Repairs under way on Riverside Parkway

The general contractor for the Riverside Parkway in Grand Junction is paying to repair cracks in the roadway even though the company says the fault lies with the design.

An official with the City of Grand Junction says responsibility for the design was spread among several entities, and the bottom line is that taxpayer won’t foot the bill and the cracks should be repaired by the end of January.

A spokesman for SEMA Construction in Centennial refuted the city’s characterization of the repairs of cracks as warranty work, but said SEMA will perform the work to maintain a good relationship with the city.

The city initially said cracks in a section of the roadway where the parkway crosses Fifth Street occurred because dirt used to construct a bridge embankment settled several inches.

SEMA countered, however, that the cracks occurred because of unstable ground in the Colorado River floodplain in the area.
In a letter to a local newspaper, SEMA laid the blame at the feet of the city led design team. The design team included Jacobs Carter Burgess, a Denver company that worked closely with the Grand Junction Public Works Department, structural engineers, technical engineers and environmental analysts.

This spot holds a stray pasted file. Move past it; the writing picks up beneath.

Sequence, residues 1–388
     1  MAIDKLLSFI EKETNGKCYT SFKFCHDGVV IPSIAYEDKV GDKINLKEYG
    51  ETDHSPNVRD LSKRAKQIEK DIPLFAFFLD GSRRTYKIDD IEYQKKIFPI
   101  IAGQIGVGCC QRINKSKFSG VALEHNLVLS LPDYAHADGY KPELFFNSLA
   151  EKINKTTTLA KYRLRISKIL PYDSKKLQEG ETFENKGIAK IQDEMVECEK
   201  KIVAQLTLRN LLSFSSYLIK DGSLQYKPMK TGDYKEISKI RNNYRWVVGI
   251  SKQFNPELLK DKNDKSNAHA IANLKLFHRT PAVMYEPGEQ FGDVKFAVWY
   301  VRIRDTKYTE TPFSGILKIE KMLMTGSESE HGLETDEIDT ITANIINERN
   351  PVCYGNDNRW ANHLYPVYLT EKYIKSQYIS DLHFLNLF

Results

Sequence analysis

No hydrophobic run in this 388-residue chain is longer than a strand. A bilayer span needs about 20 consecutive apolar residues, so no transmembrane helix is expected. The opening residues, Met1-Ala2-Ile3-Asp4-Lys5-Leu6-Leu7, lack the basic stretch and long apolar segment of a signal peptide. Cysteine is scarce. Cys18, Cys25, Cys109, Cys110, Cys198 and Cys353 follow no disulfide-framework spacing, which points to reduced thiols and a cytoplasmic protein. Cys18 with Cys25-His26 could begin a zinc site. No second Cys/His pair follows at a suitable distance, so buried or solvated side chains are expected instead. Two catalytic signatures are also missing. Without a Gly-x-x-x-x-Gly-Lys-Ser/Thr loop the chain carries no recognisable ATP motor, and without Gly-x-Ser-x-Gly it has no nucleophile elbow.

Given the number of entities involved, it’s difficult to lay blame on anyone or  prove the design was the problem, said Tim Moore, directory of the city public works department. “We don’t know the design was flawed,” Moore said.

Even if the design was to blame, Moore said it’s impractical to analyze every inch of ground for a 7-mile parkway before building such a project. And no matter whose fault it might be, Moore said the cracks are a minor problem given the scope of the project.

“Overall, it looks good to us,” Moore said of the parkway, which includes seven bridges that presented bigger challenges than simply constructing a roadway over flat terrain. “This was a huge project.”
According to SEMA, the repairs will cost an estimated $100,000, less than a tenth of a percent of the cost of the $110 million parkway.

Mike Moran has worked as a news and sports reporter, and news manager for the past 30 years, in markets that include Rochester, New York; Colorado Springs; Panama City, Florida and Monroe, Louisiana. He also teaches Speechmaking at Mesa State College and assists his wife, Toni Heiden, in managing her real estate company in downtown Grand Junction. Mike is active in Kiwanis Club of Grand Junction, the Mesa State MBA Alumni Committee, Habitat for Humanity, the United Way and the Botanical Gardens of Western Colorado.
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Posted by on Jan 16 2011. Filed under Business News. You can follow any responses to this entry through the RSS 2.0. Both comments and pings are currently closed.

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